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Ovahimba law graduate embraces cultural attire

Written by on April 15, 2024

Opuwo-born Tuaririovangu Kasirua (23) says her graduation outfit represents her identity and who she is.

“I am an advocate of my Ovahimba people who have sent me to the city to see and receive the light and to chase my dreams and take it back home, therefore, I will always be a representative of the Ovahimba people,” she says.

Kasirua, who obtained a bachelor of law degree honours from the University of Namibia (Unam) in Windhoek on Wednesday, says she serves as a youth advocate.

She has wanted to become a lawyer since she was in Grade 6, she says.

She completed shadowing at various law firms, such as Tjituri Law Chambers and Swaartbooi and Muharukua Attorneys.

“After the job shadowing, I knew this is the field I wanted to pursue,” she says.

Kasirua further says finances were always a challenge and she had to struggle to get bursaries.

She adds that she hopes to get more opportunities to complete her master’s degree.

Growing up in an extended family, she believes more young people from marginalised groups can make it too.

“If you put your mind to it, everything is possible, do your part and God does the rest.”

Kasirua’s mother Vasisee Ikondja, who described her daughter as a “go-getter”, says the journey was not an easy one, but her daughter made it through all the hardships.

“She represented us so well and I am very proud of her, I will continue supporting her. I have high hopes for her and I believe she will thrive. I hope she can also inspire other people back home that they can make it in life too,” says Ikondja.

Lawyer Kadhila Amoomo says Kasirua was also an intern at Kadhila Amoomo Lawyers.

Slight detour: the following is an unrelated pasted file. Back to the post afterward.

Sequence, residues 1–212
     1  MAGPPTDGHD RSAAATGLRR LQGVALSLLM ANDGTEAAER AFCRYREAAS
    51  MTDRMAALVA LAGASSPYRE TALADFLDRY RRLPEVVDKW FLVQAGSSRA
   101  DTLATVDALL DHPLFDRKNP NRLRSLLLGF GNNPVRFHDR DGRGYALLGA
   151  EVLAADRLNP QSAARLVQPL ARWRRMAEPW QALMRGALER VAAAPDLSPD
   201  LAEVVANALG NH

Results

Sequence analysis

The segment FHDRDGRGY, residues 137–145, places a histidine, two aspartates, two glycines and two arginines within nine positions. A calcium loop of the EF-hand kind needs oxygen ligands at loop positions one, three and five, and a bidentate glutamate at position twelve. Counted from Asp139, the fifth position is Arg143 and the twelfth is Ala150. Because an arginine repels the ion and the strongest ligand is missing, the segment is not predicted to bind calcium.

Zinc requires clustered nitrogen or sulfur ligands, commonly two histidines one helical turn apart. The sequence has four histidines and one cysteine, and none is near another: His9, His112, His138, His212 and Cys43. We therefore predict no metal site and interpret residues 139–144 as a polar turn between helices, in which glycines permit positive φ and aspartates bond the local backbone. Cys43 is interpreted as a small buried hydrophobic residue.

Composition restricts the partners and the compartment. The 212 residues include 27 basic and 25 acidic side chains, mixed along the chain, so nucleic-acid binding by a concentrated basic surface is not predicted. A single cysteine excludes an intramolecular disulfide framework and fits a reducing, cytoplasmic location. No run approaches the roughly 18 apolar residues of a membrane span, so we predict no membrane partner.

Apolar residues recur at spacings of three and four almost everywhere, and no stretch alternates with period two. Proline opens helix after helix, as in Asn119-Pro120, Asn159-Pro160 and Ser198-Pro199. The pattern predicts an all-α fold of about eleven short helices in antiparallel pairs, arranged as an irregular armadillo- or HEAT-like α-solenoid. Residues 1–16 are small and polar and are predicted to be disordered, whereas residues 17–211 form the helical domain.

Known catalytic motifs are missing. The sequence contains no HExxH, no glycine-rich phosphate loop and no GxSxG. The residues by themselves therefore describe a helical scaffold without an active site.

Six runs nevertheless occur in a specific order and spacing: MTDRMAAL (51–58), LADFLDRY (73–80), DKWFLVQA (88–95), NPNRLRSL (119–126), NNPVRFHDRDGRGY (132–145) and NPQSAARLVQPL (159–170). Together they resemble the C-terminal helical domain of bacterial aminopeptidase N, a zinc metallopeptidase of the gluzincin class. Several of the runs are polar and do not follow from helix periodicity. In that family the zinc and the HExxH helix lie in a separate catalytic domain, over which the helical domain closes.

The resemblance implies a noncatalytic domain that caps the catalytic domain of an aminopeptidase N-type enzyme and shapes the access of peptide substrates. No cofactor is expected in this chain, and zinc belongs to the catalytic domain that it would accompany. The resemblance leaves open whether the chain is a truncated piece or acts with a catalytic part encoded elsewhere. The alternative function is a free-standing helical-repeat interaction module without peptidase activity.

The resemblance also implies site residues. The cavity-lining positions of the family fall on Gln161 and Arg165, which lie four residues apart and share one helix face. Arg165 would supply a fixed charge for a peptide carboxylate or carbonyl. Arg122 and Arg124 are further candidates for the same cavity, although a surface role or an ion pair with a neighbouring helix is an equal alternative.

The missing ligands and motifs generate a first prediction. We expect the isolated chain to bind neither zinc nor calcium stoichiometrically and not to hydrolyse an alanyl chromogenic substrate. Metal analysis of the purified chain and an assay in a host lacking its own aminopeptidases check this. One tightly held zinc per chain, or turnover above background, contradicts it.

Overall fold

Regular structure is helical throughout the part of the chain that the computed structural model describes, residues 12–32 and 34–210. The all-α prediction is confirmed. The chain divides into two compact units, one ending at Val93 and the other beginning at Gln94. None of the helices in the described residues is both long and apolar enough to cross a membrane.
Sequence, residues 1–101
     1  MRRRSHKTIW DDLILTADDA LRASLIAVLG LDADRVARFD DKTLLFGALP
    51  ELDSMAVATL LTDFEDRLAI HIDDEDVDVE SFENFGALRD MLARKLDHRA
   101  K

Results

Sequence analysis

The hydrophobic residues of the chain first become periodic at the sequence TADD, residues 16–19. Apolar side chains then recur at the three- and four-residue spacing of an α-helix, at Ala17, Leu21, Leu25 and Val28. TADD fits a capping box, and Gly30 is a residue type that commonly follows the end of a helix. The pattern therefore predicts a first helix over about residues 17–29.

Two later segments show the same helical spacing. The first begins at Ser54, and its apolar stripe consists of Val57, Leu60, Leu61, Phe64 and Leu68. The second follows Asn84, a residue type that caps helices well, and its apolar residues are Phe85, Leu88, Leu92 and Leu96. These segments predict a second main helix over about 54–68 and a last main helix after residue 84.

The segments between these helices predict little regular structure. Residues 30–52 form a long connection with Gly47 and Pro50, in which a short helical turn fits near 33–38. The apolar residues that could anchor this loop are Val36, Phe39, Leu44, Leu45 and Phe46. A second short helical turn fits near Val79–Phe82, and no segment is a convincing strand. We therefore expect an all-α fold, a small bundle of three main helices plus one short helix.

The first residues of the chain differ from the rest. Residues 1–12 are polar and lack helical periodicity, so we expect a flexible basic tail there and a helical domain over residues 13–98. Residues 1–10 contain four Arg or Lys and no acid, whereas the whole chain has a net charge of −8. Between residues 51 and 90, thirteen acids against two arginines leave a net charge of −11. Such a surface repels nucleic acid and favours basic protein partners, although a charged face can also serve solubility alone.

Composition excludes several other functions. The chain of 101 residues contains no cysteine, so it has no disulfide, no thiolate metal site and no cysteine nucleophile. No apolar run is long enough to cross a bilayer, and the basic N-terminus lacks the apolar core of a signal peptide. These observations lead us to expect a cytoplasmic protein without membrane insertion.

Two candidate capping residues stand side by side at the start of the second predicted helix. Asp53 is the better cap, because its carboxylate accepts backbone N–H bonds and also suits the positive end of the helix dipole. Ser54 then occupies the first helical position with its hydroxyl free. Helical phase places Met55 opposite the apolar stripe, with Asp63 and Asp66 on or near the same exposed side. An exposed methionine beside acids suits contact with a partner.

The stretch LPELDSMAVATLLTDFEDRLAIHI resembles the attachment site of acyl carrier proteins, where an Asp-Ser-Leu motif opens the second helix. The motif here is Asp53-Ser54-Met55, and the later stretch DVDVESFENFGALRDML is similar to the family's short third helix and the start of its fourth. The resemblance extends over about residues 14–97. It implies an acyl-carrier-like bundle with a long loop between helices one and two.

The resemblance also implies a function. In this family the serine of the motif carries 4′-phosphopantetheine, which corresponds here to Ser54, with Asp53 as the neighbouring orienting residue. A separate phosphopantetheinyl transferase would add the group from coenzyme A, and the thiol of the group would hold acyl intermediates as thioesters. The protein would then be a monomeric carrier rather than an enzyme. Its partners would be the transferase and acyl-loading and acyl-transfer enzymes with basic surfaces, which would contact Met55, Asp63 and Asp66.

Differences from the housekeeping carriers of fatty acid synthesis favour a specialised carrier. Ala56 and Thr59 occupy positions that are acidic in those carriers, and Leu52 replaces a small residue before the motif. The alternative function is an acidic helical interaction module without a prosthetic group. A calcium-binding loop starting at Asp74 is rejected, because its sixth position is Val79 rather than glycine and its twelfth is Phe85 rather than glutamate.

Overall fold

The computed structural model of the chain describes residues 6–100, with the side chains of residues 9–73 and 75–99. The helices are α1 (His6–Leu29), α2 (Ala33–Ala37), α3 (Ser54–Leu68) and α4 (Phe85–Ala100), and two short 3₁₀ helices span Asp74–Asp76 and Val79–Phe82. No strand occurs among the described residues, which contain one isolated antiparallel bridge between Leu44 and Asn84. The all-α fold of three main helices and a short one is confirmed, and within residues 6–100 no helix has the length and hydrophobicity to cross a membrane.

“She is one of the Ovahimba young people who received training at our office. We are proud of her for obtaining her LLB degree and will now proceed to serve our people with pride and dedication.”

African indigenous law/customary law lecturer at the Unam School of Law Eugene Libebe says Kasirua was his student since her first year at the university.

She was active, visible and participating in academic affairs. She was also involved in student leadership roles and active in the Unam Law Students Council (ULSC), says Libebe.

“As her customary law lecturer, she always stood out because of her pride in African identity and culture, especially her Himba culture. She represents who we are and how rich/beautiful our history and cultural orientations/expressions are,” he says.

“Because of her roots and culture, she stood out, even during graduation, as no one expected to see that attire. She also inspires me, to see a young student who is not ashamed of who they are and graduating despite all odds. She is a rising star,” Libebe says.

Unam African communications system lecturer Albertina Malwa says African cultural attire is regarded as a form of communication referred to as visual communication.

“[It] serves as a visual language which conveys cultural identity, as well as beliefs. Additionally, each garment carries deep meaning, reflecting the wearer and beliefs, ethnic background, social standing, role within the community and even participation in ceremonies,” Malwa says.

About 4 400 students from Unam graduated on Wednesday.

Speaking at the graduation ceremony, higher education, technology and innovation minister Itah Kandjii-Murangi lauded the graduates for their commitment.

The post Ovahimba law graduate embraces cultural attire appeared first on The Namibian.

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